Video Report:

Va. Tech Families Plead With Congress To End Gun Show Loop Hole

Date created: 1/30/2008 6:30:51 PM
Last updated: 2/1/2008 3:25:21 PM

WASHINGTON, DC (WUSA) -- One victim and several family members from the Virginia Tech massacre spoke at a news conference on Capitol Hill Wednesday advocating the passage of a federal bill that would require background checks at gun shows.

The families wear their pain publicly.

"I don't want anybody else to have to learn about gunshot wounds. You know, they don't sew them up. You watch your child, or whoever it is, as it bleeds, bleeds, bleeds," says Andy Goddard, whose son Colin was shot four times by Seung Hui Cho at Virginia Tech on April 16th.

They don't sew up gunshot wounds because that would risk infection. There were 15 people with gunshot wounds that day who had to let those wounds bleed and bleed, but they were the lucky ones.

Cho killed 32 people, then killed himself. It was the worst mass shooting in modern U.S. history.

Cho had a history of mental illness. He purchased his guns legally at gun stores. The loophole which allowed a mentally dangerous person to buy guns in Virginia has been closed. But Cho could've still purchased those guns at a gun show without any background check. That's why the families say a federal law needs to be passed.

Lilly Habtu, of Woodbridge, still has a bullet in her jaw. Hatbu said, "My family and I suffered more than enough. We don't want anyone else to have to suffer like we have."

The families say Virginia lawmakers turned their backs on them last week by defeating a bill that would've required background checks at gun shows. Now, they're asking Congress to do it.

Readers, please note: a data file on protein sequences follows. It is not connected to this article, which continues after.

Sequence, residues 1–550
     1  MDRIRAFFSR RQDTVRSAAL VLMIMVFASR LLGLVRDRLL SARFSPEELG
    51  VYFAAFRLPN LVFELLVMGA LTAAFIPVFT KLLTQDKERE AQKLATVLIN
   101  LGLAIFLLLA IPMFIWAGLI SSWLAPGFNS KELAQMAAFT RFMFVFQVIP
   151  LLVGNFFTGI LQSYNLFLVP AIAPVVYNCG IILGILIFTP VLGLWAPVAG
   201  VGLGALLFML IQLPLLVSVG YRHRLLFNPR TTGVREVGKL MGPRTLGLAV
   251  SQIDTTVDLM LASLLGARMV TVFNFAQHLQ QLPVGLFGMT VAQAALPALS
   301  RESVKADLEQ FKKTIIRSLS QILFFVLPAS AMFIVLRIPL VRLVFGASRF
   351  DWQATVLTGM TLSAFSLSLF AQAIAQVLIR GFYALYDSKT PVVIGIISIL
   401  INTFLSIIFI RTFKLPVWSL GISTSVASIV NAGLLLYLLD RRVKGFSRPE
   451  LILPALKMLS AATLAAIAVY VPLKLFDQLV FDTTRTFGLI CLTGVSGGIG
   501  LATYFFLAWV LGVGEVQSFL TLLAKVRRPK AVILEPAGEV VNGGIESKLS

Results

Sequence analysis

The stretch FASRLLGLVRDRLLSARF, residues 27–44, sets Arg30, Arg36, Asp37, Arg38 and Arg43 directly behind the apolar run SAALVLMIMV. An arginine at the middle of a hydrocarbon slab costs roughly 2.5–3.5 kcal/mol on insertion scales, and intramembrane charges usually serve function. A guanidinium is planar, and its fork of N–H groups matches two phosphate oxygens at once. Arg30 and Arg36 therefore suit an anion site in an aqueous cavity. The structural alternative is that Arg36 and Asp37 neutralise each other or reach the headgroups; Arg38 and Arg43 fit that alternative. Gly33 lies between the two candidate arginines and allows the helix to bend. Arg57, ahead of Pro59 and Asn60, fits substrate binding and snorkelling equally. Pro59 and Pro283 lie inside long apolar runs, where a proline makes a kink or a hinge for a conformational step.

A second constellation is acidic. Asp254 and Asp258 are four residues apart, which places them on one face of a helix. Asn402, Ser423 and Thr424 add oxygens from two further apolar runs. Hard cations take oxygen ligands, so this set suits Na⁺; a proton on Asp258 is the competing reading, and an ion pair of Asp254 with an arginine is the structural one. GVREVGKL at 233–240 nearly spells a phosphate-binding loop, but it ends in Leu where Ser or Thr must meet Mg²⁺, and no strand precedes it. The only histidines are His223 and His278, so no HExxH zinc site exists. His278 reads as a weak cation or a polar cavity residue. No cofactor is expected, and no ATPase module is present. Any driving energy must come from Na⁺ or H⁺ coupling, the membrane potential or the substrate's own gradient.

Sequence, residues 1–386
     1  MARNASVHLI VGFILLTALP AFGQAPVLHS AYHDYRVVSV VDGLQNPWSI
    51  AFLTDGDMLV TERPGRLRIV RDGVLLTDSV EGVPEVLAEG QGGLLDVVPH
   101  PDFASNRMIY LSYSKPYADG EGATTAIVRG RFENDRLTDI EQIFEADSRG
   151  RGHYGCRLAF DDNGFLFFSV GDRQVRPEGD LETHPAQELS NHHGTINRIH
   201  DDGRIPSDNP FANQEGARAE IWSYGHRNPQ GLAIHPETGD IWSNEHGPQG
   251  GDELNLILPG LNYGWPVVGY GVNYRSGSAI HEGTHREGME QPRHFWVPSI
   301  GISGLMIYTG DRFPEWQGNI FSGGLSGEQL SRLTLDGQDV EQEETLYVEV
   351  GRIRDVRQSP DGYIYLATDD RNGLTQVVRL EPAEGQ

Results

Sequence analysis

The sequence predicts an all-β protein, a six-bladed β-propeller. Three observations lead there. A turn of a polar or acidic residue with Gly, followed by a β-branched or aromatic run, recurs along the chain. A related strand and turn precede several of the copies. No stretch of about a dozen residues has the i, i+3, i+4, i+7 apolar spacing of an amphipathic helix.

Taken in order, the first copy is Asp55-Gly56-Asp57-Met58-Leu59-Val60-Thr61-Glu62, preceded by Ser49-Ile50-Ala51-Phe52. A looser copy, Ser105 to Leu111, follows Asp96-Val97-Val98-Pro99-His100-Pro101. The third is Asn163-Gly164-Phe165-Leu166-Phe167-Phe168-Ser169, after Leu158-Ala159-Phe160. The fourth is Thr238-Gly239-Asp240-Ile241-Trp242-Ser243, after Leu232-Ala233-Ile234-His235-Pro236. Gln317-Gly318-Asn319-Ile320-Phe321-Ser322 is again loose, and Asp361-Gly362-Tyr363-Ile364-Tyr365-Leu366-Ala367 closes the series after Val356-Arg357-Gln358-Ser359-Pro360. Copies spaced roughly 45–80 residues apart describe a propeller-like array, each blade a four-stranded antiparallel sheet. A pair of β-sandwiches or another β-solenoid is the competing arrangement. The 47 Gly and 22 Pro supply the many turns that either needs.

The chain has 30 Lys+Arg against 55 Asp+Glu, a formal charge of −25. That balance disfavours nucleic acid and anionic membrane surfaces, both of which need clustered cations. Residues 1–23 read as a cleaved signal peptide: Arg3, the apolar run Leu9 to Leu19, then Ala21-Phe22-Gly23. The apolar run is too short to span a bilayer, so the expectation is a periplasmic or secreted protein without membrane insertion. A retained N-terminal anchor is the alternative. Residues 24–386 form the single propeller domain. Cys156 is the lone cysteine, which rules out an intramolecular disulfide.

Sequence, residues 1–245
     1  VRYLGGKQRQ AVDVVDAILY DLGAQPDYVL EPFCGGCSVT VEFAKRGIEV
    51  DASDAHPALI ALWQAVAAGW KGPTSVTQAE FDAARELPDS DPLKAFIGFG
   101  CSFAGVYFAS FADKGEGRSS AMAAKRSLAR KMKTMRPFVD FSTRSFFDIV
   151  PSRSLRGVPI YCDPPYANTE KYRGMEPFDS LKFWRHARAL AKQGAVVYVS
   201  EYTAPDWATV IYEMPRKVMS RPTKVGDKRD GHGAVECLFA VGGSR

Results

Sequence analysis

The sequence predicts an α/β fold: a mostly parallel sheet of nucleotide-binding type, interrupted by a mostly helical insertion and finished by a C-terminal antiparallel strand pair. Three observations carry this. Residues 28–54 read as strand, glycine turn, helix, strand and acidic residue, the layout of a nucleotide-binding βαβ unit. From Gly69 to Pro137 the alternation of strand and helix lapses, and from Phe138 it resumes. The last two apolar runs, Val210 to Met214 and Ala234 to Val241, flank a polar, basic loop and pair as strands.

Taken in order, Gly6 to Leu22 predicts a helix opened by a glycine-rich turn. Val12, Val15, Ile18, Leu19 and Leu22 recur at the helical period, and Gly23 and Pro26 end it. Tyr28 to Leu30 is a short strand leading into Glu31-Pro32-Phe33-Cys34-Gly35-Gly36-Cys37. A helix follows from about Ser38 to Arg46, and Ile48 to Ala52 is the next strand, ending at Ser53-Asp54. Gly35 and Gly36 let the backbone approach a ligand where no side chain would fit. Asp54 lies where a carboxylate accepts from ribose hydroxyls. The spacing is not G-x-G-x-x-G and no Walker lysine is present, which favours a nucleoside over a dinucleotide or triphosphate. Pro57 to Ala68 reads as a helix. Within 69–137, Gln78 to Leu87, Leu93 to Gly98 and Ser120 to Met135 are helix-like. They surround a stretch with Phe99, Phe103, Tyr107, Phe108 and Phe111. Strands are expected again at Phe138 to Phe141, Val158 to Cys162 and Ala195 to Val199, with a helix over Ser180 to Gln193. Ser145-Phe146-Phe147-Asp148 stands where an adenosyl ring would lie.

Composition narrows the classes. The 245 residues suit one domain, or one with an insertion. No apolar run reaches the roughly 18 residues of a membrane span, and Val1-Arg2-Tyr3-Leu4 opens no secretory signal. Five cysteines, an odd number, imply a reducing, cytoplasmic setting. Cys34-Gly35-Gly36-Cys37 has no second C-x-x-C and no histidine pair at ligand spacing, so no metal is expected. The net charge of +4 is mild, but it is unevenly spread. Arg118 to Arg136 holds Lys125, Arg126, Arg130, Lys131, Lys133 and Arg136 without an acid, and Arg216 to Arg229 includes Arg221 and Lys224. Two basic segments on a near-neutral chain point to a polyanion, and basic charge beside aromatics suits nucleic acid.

Pat Craig is the aunt of Ryan Clark, the Resident Adviser at the Tech dormitory West Ambler Johnson where Cho began his rampage that morning.

"When a person does not have the sense of right or wrong...he should not have access to a gun," says Craig.

Congress has considered this bill before. Nine years ago, two teenage boys killed thirteen people at Columbine High School in Colorado. Now, after Virginia Tech, the bill is back.

Senators Frank Lautenberg (D-N.J.) and Jack Reed (D-R.I.) are sponsors.

Gun rights advocates say the bill would take away their rights.

Mike Stollenwerk, co-founder of says "Because federal law bans 18 -20 year olds from purchasing handguns from dealers, the bill's requirement that all gun sales at gun shows go through dealers amounts to a handgun ban for 18-20 year olds, even though under federal law 18-20 year olds may own handguns."

Also, he says background checks don't tell you what's going to happen in the future. He believes it's important for people to have the right to defend themselves with guns if they chose.

The mother of Kevin Sterne, who barely survived Cho's bullets, says there needs to be compromise.
Suzanne Grimes says, "We're not against the right to bear arms. We just want to keep weapons out of the hands of people who shouldn't have them to protect this country."

While Seung Hui Cho purchased his guns legally at gun stores, the Columbine shooters used guns obtained from gun shows.

Written by Peggy Fox